Case | HBS Case Collection | October 2003 (Revised January 2004)

The 2001 Crisis in Argentina: An IMF-Sponsored Default? (A)

by Rafael M. Di Tella and Ingrid Vogel


At the end of 2001, Argentina's economy and society both appeared on the verge of collapse. Furious about controls imposed on the convertibility of their bank deposits into cash (the "corralito") and huge proposed government spending cuts amidst high unemployment and deteriorating social services, Argentines from all economic backgrounds took to the streets in protest. In violent rioting, stores were looted, buildings burned, and more than 22 people killed. The entire government was forced to resign. A succession of increasingly ineffectual presidents shuffled through the presidential palace, each seemingly more powerless to confront the crisis than the last. Meanwhile, the country's economic situation continued to deteriorate, and Argentina soon defaulted on its $141 billion in foreign debt outstanding in the largest sovereign default in history. On January 2, 2002, Eduardo Duhalde was selected interim president by Argentina's Congress—and would serve as Argentina's fifth president in two weeks. At the helm of Argentina's flailing economy, he had a number of important decisions to make. Among these were what to do with Argentina's decade-long peg to the dollar under the Convertibility Plan.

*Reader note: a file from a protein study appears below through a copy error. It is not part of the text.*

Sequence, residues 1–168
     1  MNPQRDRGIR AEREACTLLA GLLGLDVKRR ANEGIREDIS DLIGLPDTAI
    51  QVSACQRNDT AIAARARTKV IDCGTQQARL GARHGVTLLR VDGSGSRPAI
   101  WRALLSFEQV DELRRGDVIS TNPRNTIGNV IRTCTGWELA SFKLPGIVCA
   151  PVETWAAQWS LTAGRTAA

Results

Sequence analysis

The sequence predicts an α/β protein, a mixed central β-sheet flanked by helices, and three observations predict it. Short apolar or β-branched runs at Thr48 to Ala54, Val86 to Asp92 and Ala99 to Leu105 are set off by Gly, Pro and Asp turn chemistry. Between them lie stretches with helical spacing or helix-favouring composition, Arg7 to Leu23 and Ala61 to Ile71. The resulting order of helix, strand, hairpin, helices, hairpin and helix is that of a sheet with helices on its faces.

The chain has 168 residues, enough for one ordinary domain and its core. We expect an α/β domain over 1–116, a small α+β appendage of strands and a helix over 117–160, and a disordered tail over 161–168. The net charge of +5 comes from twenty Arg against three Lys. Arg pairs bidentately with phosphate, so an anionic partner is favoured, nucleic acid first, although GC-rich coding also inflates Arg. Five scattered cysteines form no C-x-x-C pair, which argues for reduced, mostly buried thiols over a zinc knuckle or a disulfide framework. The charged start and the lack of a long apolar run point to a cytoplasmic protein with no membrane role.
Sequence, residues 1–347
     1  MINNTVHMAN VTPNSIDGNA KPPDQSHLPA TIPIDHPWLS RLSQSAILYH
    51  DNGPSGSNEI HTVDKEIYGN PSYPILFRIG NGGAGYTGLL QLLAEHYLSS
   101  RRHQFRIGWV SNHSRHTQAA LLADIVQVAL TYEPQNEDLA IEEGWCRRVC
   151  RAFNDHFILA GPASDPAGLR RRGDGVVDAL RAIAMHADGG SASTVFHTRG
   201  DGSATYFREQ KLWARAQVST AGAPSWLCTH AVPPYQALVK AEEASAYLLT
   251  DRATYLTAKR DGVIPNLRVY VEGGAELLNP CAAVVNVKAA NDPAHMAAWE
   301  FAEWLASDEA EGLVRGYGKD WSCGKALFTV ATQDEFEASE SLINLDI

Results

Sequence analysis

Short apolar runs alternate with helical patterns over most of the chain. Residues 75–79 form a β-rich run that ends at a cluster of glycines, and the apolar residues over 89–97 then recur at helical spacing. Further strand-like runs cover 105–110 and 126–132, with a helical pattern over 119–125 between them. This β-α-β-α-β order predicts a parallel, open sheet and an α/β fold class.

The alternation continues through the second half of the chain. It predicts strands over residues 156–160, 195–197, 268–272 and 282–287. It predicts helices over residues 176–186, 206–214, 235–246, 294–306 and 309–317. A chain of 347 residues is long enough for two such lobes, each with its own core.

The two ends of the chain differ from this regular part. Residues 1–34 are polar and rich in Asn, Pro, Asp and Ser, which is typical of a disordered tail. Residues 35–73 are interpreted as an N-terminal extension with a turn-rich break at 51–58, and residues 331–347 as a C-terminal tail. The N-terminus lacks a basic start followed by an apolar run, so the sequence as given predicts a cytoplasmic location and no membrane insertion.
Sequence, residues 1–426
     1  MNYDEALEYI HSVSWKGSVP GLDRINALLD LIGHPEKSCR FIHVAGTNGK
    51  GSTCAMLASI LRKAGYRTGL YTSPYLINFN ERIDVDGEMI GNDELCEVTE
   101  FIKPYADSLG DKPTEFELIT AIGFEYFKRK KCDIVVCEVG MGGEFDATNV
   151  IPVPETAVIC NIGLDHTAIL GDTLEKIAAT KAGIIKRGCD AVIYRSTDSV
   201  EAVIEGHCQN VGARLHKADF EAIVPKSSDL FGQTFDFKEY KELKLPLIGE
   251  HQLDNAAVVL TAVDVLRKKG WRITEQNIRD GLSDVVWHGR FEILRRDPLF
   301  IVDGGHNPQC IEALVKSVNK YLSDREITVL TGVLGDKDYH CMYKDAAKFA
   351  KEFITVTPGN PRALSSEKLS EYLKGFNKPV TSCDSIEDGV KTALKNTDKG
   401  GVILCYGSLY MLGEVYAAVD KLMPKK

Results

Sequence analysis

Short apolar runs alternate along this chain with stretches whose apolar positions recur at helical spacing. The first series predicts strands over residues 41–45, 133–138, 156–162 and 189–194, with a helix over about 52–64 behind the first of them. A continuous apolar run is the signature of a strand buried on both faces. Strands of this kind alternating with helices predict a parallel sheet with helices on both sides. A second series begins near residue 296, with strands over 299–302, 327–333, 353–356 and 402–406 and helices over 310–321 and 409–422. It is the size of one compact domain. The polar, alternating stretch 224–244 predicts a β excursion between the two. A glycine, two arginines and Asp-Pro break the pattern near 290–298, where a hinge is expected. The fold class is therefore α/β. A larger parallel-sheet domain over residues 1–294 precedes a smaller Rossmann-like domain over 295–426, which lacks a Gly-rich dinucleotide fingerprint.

Keywords: Financial Crisis; Economic Slowdown and Stagnation; Banks and Banking; Problems and Challenges; Decision Choices and Conditions; Currency Exchange Rate; Economy; Government Administration; Crime and Corruption; Argentina;


Di Tella, Rafael M., and Ingrid Vogel. "The 2001 Crisis in Argentina: An IMF-Sponsored Default? (A)." Harvard Business School Case 704-004, October 2003. (Revised January 2004.)